4 June 2014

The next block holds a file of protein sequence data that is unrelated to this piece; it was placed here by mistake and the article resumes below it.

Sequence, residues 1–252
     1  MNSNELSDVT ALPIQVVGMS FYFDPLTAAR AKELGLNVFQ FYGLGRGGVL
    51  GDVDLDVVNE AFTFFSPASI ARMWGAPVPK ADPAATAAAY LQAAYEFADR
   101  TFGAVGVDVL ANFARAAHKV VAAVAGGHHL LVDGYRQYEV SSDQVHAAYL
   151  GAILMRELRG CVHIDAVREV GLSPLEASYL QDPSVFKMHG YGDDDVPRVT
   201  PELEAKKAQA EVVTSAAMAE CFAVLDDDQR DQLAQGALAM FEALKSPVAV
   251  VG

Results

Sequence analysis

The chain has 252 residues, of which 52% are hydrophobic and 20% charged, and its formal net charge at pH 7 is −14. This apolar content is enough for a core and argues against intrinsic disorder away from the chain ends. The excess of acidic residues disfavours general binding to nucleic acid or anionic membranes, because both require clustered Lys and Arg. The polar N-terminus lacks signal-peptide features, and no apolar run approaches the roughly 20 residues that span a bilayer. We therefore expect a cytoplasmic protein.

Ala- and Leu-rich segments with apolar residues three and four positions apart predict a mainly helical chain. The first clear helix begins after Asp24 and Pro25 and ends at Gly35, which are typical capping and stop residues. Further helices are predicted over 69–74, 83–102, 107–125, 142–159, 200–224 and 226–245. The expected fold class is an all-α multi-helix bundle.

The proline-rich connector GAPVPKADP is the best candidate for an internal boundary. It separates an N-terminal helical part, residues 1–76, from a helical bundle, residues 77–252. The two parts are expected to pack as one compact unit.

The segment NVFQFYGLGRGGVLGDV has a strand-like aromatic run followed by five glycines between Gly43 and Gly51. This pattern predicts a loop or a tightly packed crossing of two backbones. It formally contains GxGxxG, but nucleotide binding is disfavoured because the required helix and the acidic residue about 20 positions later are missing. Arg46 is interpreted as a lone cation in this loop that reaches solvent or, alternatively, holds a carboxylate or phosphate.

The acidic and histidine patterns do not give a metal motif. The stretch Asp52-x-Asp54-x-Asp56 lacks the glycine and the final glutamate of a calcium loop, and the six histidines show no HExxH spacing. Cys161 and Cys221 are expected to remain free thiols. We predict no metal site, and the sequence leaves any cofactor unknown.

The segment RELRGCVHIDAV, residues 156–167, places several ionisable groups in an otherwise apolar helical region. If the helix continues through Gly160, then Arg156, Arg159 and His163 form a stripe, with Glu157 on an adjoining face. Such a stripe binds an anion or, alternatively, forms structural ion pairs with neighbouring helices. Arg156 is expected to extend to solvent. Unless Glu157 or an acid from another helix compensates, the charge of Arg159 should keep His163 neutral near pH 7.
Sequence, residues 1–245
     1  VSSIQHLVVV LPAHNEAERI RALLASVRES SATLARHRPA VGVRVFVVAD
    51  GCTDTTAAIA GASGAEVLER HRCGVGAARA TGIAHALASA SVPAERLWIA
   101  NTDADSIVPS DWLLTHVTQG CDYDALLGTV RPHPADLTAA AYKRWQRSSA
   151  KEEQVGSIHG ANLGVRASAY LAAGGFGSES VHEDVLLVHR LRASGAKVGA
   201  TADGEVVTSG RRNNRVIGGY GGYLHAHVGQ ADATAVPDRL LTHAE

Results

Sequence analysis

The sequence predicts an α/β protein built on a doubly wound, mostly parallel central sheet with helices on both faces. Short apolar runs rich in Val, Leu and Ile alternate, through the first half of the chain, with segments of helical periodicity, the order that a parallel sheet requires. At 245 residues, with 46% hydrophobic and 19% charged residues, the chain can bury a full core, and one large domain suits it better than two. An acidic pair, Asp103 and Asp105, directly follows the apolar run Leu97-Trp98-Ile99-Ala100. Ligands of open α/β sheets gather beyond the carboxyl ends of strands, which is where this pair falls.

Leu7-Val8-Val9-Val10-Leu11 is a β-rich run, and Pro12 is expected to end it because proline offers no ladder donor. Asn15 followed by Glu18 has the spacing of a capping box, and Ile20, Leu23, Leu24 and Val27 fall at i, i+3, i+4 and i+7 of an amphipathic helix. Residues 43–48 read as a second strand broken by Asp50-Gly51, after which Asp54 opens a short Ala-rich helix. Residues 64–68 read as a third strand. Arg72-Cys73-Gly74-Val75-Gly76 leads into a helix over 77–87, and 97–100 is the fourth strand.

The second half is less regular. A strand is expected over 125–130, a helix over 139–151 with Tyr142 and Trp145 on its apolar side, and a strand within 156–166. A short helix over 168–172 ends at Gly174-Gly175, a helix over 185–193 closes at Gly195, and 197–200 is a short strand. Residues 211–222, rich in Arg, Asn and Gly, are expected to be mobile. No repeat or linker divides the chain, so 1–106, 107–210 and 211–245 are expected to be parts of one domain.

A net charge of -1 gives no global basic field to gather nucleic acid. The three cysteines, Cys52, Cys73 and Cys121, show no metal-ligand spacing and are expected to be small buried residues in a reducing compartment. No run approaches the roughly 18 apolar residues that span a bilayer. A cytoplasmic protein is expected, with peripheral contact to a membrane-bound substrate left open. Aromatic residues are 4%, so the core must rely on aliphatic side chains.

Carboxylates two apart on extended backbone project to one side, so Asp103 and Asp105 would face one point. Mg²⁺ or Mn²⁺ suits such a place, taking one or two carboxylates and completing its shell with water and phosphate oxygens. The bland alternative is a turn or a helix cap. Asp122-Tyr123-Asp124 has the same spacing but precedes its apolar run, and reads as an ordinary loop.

At the end of the 1950s, plastic became the princess of a whole new world of objects. From the Cinderella of materials, it was transformed into the protagonist of a design that set out to be popular and democratic, conceived for the general public and intended to make the object of everyday use both convenient and beautiful. The Ulm School, in Germany, made this mission the basis of its teaching philosophy, and what the Bauhaus had failed to achieve in the 1920s became the new objective of scientific pursuit: making good design accessible to the multitude, through an alliance between school and industry. In those years the epitome of industry was Braun and its Chief Design Officer Dieter Rams, a genuine icon of the profession of industrial design. The table he designed in 1962 and which has been reproduced today by Vitsœ typifies this extraordinary vision of things. Versatile, easy to handle and essential, an example of rigorous functionalism to put it mildly, the 621 Side Table returns to speak to us of its history and to remind us that the work of a great designer stems from equilibrium and has no need of exhibitionism and eccentricity.